View the staircase and wine barrel stave wall at the American AgCredit headquarters

View the conference room at the American AgCredit headquarters designed by TLCD Architecture

View the conference room at the American AgCredit headquarters

 

TLCD Architecture: Revit Tips for September

Revit Tip of the Week, TLCD Architecture

Editing Requests | by David Moyer

TLCD Architecture, Revit Tips, BIM

This week’s tip comes from Steve Stafford’s Blog – Revit OpEd. Thinking this might be one of the reasons we find folks owning elements in Models when they have not been in those models recently.

http://revitoped.blogspot.com/2015/07/withdraw-your-editing-requests.html

In the past I wrote about how you can become the unwitting or accidental borrower of elements when you create an Editing Request but then close your local file before the request is resolved.

Therefore it is a good habit to Retract (withdraw) any Editing Requests you create before closing your Local file. If you form a habit of creating Editing Requests then also form the habit of Retracting any that are still pending when you leave the project for any reason.

TLCD Architecture, Revit Tips, BIMThis is not a request…

 

 

 

 

 

Ideate Explorer | by Leslie Smith

I watched a webinar on Ideate Explorer presented by Richard Taylor. He is a longtime Revit user (pre-autodesk) and refers to himself as a “technical evangelist”. His presentation was very informative and well presented. If you haven’t used this tool…you will – once you see what it can do.

At TLCD Architecture, Ideate Explorer is a Revit Add-in we all have in our add-ins tab.

For easy access you can add this to your Quick Access Toolbar (same thing for other tools you frequently use).

TLCD Architecture, Revit Tips, BIM

TLCD Architecture, Revit Tips, BIM

The webinar provided the top 10 tips

  1. Delete Imports – get rid of pesky .dwg files floating randomly in your project
  2. Audit worksets – by filter by workset you can see if components or elements are misplaced and relocate them.
  3. Audit groups – unfortunately groups sometimes don’t get named in a recognizable way…just what is “group 57” and where is it…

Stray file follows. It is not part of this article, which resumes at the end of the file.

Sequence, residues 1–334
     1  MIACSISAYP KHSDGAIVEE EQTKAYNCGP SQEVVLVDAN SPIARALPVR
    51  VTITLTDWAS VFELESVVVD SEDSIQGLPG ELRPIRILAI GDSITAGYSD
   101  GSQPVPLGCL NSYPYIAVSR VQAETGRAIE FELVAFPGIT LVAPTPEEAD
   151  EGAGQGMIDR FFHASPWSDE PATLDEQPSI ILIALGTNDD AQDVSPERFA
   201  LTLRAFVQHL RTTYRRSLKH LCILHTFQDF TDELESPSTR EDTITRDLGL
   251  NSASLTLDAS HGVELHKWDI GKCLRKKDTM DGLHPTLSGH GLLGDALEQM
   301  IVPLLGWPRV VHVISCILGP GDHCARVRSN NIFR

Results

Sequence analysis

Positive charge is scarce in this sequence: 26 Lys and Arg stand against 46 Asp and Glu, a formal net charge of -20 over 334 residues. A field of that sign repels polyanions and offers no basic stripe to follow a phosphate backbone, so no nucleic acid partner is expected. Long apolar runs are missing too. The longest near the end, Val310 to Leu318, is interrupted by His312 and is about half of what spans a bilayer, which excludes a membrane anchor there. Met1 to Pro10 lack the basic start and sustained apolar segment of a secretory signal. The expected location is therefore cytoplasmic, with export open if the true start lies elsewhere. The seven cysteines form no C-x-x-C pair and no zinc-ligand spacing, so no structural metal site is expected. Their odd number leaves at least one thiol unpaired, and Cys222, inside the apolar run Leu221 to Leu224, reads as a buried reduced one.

4. Check Grids, Levels and Reference Planes. Ever place a family and it doesn’t show up cuz it’s hosted to Level 1..but you are working on Level 3…urggghhh
  5. Audit Views and Viewports
  6. Audit Revit Families including in-place creations.
  7. Cleanup Text and Dimensions
  8. Audit Keynotes and Revisions – Easy to get rid of Bid clouds and tags
  9. Review Model and Detail Lines
  10. Scan Element Count.

I especially find #1 Delete Imports useful…since these don’t show up in the browser and can be near impossible to find. There is a brief (1.5 minute) video available on Ideate website demonstrating this feature:  http://ideatesoftware.com/ideateexplorer/videos/

#7 Cleanup Text and Dimensions is very helpful especially when working on those projects we keep pulling forward from the past.

  • You can select all instances of a text style in your project and switch them all at once. Here’s how…
  • To use an old project as the basis for a new project, first open the old project as a detached from central. Save as your new project and Close.
  • Open again and create a local.  Open a new project using the TLCD template (not central just new project)
  • (so you have two projects open)
  • Go back to your Project Local file. From the Manage tab –  transfer project standards from the new project (created from the template).
  • Select the “check none” button and THEN…Select the things you want to transfer.
  • In this case we will choose “text types” and from the popup box choose “overwrite”.
  • Overwrite will catch some but not all font changes needed to match our current standard.

Here’s where Ideate Explorer comes in handy… TLCD Architecture, Revit Tips, BIM